From the Organizers of Human Rights in Childbirth/ Midwifery Today Summit
We’d like to thank everyone who participated in April 2’s day-long summit. It was a pivotal meeting of attendees and speakers from all walks of life and backgrounds, where game-changing ideas were presented, and relationships were forged and strengthened.
Jan Tritten began the day with a call for unity, and unity was the experience that attendees most carried away. As midwife after midwife shared a story of how legal sanction had affected her life and her family, we saw the common threads that run through these stories. Home birth midwives had similar experiences with the law, despite the different legal systems where they worked, whether the midwife was a CPM or a CNM, “legal” or “illegal.” A powerful panel of mothers and birth activists described the effect that the legal climate around midwifery has on birthing women. The day began by laying bare the problems, and it ended with solutions: a panel of committed lawyers described their work advocating for midwives and justice in maternity care.
The diversity of perspectives voiced over the day enabled all present to elevate their own perspectives. By understanding the common threads, we could identify political problems and their solutions. We could see the forest, instead of the trees, and walked away with the knowledge that we are not alone and the hope that, together, we can generate solutions.
A few things that came out of the summit that we think deserve clarification, especially for attendees who requested a summary that they could share with their own organizations.
First, we want to highlight the diversity of attendees and speakers. Not everyone agreed on everything, but discussion was respectful and productive. We’ll continue to foster those discussions.
Second, understand that the summit was a place to share stories and ideas in a neutral environment. No one was on trial here. Our interest in the cases before us at the conference lay in the ways that legal systems treat home birth providers, and how that treatment affects the safety and accessibility of home birth as a legitimate healthcare option. This issue transcends the facts of any particular case, including the question of whether the midwife might have made a mistake in this case.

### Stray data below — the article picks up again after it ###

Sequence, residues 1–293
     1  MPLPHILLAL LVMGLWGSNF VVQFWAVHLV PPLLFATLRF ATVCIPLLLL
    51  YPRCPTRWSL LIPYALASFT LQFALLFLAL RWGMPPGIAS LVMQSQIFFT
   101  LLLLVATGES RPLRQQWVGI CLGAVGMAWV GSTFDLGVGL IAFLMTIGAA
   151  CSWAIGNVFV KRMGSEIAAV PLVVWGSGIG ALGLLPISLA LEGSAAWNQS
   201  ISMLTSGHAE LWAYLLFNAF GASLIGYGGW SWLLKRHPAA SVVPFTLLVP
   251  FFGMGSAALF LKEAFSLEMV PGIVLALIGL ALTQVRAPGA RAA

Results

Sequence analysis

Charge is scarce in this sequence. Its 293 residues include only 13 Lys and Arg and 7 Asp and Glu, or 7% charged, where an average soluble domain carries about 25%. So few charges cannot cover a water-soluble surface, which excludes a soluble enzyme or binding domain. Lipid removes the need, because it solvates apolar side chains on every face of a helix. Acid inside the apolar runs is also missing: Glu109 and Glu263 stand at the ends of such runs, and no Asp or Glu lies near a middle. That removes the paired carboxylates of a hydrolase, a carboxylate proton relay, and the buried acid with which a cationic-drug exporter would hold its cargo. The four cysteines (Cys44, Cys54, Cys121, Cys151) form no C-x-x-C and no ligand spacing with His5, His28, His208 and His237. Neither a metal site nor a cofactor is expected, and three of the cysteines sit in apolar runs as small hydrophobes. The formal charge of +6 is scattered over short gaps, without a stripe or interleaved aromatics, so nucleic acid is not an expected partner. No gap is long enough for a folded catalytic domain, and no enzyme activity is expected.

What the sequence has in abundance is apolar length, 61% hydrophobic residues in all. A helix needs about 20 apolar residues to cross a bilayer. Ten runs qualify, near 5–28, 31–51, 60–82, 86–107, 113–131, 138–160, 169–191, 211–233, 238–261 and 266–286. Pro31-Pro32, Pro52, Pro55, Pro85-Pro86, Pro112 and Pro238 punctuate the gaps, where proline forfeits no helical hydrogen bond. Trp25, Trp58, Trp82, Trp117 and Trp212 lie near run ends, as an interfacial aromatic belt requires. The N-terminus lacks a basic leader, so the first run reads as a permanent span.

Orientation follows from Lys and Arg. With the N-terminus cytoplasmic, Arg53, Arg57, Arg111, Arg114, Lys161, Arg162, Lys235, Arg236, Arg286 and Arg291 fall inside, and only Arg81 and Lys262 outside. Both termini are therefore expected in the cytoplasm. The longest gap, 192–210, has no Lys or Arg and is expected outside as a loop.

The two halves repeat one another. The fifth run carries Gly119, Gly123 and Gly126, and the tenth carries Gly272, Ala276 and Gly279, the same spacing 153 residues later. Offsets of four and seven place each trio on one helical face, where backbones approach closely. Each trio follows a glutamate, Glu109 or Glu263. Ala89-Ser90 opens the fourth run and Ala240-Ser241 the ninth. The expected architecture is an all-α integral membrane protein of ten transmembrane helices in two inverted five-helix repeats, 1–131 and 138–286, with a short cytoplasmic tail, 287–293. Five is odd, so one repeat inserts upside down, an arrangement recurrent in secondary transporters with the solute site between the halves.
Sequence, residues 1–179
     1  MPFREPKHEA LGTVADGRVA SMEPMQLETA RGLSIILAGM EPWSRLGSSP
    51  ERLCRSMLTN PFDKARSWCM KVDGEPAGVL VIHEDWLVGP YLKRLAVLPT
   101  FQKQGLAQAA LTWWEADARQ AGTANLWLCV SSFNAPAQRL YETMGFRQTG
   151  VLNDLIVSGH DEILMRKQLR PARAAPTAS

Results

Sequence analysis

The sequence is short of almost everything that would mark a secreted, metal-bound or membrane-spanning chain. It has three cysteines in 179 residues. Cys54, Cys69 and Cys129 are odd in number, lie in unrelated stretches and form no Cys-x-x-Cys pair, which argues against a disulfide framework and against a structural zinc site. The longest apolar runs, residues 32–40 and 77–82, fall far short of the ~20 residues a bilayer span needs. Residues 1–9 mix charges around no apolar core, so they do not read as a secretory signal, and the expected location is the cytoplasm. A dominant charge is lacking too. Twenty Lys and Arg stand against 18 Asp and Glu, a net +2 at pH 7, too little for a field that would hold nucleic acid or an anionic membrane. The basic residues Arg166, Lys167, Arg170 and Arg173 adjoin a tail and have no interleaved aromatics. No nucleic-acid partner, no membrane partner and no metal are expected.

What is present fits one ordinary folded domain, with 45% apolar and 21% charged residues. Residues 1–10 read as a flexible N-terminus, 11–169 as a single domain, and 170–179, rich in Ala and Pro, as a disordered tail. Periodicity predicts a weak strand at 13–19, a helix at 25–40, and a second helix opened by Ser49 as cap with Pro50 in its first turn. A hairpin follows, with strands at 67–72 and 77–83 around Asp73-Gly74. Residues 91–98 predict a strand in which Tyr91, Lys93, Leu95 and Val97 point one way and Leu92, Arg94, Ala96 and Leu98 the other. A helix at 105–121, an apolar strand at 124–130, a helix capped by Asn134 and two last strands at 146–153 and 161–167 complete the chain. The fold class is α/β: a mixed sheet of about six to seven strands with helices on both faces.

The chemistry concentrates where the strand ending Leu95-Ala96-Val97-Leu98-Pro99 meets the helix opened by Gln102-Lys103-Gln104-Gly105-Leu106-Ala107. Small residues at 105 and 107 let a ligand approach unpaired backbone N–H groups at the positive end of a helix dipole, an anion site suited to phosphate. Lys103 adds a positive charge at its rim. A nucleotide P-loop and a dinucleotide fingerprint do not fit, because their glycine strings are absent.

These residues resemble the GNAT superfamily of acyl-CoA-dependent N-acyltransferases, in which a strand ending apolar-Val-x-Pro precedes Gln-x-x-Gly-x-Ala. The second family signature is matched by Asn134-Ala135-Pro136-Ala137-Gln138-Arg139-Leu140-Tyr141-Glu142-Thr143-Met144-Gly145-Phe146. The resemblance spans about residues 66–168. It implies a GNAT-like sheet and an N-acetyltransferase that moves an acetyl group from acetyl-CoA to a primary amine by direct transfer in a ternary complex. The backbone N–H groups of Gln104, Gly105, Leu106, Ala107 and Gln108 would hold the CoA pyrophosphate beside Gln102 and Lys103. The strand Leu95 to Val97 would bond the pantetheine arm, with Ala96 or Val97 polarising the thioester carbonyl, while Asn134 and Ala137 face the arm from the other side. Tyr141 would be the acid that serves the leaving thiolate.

Why support midwives, even before the facts of a case come out?
Many voiced concerns about “supporting” midwives who may have made negligent decisions in care. This is a critical topic and something that must be clarified. Doctors make mistakes. Midwives make mistakes. Decision-making in childbirth is not a clear science. But when doctors are negligent, they are treated one way, and when homebirth midwives are negligent, they are treated another. Our question is not, “Was she negligent?” but “How did the legal system approach the allegation of negligence?”
Midwives should not be sanctioned for professional negligence through the criminal justice system, when doctors are immune from criminal prosecution for professional negligence.
Our analysis starts from the assumption that women have the right to choose whether to give birth inside a hospital or outside of one, and that women have the right to choose a birth provider whose approach to childbirth, for example as a physiological or a medical event, most likely mirrors their own. A healthcare system concerned with the safety of mothers and babies does not try to force every woman into a one-size-fits-all birth care model. But when the providers of out-of-hospital birth support are treated as outlaws, the choice for home birth goes underground and becomes less safe, less transparent, and less accountable to birthing women and the public at large.
For this reason, we are concerned with equitable legal treatment of birth care providers, and interested in the effect that the inequitable treatment of those providers has on birthing women. Legitimate healthcare providers are held accountable for negligent acts every day—but they are held accountable for negligence through medical malpractice lawsuits and disciplinary sanctions. That same system of accountability should apply to midwives. So, when we hear of home raids, arrests, and homicide charges against home birth midwives, on allegations that amount to every-day medical malpractice claims (failure to diagnose, failure to intervene), we say, “No, that particular sanction is not appropriate, period.”